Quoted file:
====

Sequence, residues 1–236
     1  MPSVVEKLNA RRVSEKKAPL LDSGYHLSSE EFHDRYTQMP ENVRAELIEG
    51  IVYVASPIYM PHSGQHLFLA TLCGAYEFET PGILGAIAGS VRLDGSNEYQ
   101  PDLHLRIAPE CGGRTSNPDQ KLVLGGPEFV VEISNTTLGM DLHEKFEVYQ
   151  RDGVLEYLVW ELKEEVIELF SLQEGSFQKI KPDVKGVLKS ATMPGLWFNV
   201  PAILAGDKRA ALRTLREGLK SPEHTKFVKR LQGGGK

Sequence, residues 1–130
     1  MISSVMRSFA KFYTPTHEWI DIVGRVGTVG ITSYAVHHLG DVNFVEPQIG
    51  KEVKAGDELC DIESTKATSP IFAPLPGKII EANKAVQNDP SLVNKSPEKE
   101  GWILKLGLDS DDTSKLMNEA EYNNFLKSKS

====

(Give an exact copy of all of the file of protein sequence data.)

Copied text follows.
Sequence, residues 1–236
     1  MPSVVEKLNA RRVSEKKAPL LDSGYHLSSE EFHDRYTQMP ENVRAELIEG
    51  IVYVASPIYM PHSGQHLFLA TLCGAYEFET PGILGAIAGS VRLDGSNEYQ
   101  PDLHLRIAPE CGGRTSNPDQ KLVLGGPEFV VEISNTTLGM DLHEKFEVYQ
   151  RDGVLEYLVW ELKEEVIELF SLQEGSFQKI KPDVKGVLKS ATMPGLWFNV
   201  PAILAGDKRA ALRTLREGLK SPEHTKFVKR LQGGGK

Sequence, residues 1–130
     1  MISSVMRSFA KFYTPTHEWI DIVGRVGTVG ITSYAVHHLG DVNFVEPQIG
    51  KEVKAGDELC DIESTKATSP IFAPLPGKII EANKAVQNDP SLVNKSPEKE
   101  GWILKLGLDS DDTSKLMNEA EYNNFLKSKS